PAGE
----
Playing Pocket Jacks

Many poker players say that pocket jacks is one of the most difficult hands in all of poker. While it can’t be classified as one of the absolute best hands in poker, it is not a hand that should be an extreme challenge to play. Even if it isn’t easy to play, it is still a premium hand. There aren’t many poker players who would turn down the opportunity to be dealt pocket jacks. You will have a dominant hand in the vast majority of pre flop situations, and the odds are that you will have the best of it when it comes to the showdown as well. Playing pocket jacks is a two step process. Most hands are going to be closer to a four part process (pre flop, flop, turn, and river), but pocket jacks are unique in that they are going to be a strong hand pre flop, and then float or swim once the flop is dealt. While you are going to need to play pocket jacks on each post flop street, how you play them will largely be determined by the flop. Technically you will need to apply a four part strategy to each individual time you are dealt pocket jacks, but for the most part you will be able to find success by dividing it up into two separate chunks of one hand.

Pre Flop Play

Pre flop play with pocket jacks is probably one of the more challenging parts of the hand to play with pocket jacks. The most difficult situations will come up when you are 3 bet. Since pocket jacks is not one of the absolute best hands you could be holding it will be rare to get them all in pre flop. There aren’t too many players who will be shoving hands like pocket tens enough times to make playing pocket jacks in an all in situation that profitable, unless they are just burning off their poker bonuses. It will entirely depend on the dynamics of the game when you are determining the value of your pocket jacks. In a standard game pocket jacks are a borderline 3 betting hand. You will want to occasionally 3 bet pocket jacks, but not every single time. If your opponents are on the looser side you will want to want to 3 bet pocket jacks more often than if they are tight. 4 betting pocket jacks would require very loose opponents. If you 4 bet it should mean that you are willing to go all in. If you aren’t willing to go all in you will be better off simply calling the 3 bet. Set pocket jacks as a default 3 betting hand, and adjust according to your opponents.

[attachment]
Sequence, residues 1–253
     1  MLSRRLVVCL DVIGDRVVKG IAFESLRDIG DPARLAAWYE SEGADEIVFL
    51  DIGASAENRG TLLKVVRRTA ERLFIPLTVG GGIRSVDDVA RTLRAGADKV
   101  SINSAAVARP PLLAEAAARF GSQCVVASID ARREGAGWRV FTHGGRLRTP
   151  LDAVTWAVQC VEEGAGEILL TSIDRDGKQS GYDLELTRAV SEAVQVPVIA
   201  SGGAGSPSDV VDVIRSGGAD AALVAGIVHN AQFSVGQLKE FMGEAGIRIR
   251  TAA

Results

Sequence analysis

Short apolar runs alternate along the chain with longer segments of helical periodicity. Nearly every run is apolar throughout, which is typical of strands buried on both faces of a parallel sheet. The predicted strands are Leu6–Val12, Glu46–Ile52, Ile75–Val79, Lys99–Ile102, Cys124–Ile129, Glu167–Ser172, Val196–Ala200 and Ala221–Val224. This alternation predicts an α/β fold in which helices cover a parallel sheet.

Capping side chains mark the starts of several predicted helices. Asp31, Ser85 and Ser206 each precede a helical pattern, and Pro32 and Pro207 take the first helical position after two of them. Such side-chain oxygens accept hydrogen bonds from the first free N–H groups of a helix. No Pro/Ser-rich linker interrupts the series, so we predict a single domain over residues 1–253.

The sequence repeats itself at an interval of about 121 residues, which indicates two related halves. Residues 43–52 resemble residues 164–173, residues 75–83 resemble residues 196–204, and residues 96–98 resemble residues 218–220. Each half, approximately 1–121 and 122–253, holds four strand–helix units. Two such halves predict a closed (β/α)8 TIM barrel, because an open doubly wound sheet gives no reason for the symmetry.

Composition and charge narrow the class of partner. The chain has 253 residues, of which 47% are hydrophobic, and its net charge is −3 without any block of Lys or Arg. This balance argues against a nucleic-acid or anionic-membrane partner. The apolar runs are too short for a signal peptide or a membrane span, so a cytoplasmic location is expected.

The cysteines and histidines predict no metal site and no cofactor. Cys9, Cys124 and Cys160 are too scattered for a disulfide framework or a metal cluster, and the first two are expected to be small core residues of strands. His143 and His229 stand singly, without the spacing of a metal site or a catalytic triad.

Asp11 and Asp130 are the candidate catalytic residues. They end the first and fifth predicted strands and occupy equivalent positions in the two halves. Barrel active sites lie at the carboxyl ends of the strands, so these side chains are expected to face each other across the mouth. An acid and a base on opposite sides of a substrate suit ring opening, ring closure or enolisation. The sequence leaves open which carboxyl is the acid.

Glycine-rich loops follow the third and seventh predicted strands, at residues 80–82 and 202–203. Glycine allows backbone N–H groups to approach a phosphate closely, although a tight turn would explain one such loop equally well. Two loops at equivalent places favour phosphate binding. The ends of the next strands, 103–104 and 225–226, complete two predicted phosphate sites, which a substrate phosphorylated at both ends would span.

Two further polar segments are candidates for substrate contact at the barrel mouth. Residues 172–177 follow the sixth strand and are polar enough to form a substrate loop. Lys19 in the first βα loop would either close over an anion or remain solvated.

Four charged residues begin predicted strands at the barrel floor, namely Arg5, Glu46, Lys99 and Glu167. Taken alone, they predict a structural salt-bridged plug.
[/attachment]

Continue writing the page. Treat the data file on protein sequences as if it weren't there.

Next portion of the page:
Post Flop Play

Post flop play is often times going to be settled by the time the flop is play. If you face extreme aggression pre and/or post flop you will be stuck when an over card flops. An over card will inevitably flop a large percentage of the time, and there is nothing you can do about it. There will definitely be times where an over card flops and your hand is still good, but some players seem to disregard this possibility. Your hand’s strength is always relative to your opponent’s hand. If you are facing a ton of aggression on a flop on A K Q it is a pretty safe bet that you are beat. If the flop is Q 7 5, however, you should really consider the possibility that your pocket jacks are good. Think about what types of Q hands would be played the way your opponent played their hand. If you can’t come up with any if is probably for good reason. A little luck and some analyzation of a hand will go a long way towards success with pocket jacks.